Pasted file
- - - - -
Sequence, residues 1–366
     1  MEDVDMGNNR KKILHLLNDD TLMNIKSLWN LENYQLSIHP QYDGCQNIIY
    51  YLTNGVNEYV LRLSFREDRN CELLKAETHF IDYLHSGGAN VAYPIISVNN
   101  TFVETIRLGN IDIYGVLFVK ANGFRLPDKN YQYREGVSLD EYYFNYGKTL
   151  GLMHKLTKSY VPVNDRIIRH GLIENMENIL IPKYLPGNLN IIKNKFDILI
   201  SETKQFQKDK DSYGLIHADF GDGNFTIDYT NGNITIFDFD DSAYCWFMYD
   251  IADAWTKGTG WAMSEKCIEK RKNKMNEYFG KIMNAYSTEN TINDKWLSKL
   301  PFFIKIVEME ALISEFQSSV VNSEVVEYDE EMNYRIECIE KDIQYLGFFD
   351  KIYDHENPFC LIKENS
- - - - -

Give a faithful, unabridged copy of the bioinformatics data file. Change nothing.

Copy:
Sequence, residues 1–366
     1  MEDVDMGNNR KKILHLLNDD TLMNIKSLWN LENYQLSIHP QYDGCQNIIY
    51  YLTNGVNEYV LRLSFREDRN CELLKAETHF IDYLHSGGAN VAYPIISVNN
   101  TFVETIRLGN IDIYGVLFVK ANGFRLPDKN YQYREGVSLD EYYFNYGKTL
   151  GLMHKLTKSY VPVNDRIIRH GLIENMENIL IPKYLPGNLN IIKNKFDILI
   201  SETKQFQKDK DSYGLIHADF GDGNFTIDYT NGNITIFDFD DSAYCWFMYD
   251  IADAWTKGTG WAMSEKCIEK RKNKMNEYFG KIMNAYSTEN TINDKWLSKL
   301  PFFIKIVEME ALISEFQSSV VNSEVVEYDE EMNYRIECIE KDIQYLGFFD
   351  KIYDHENPFC LIKENS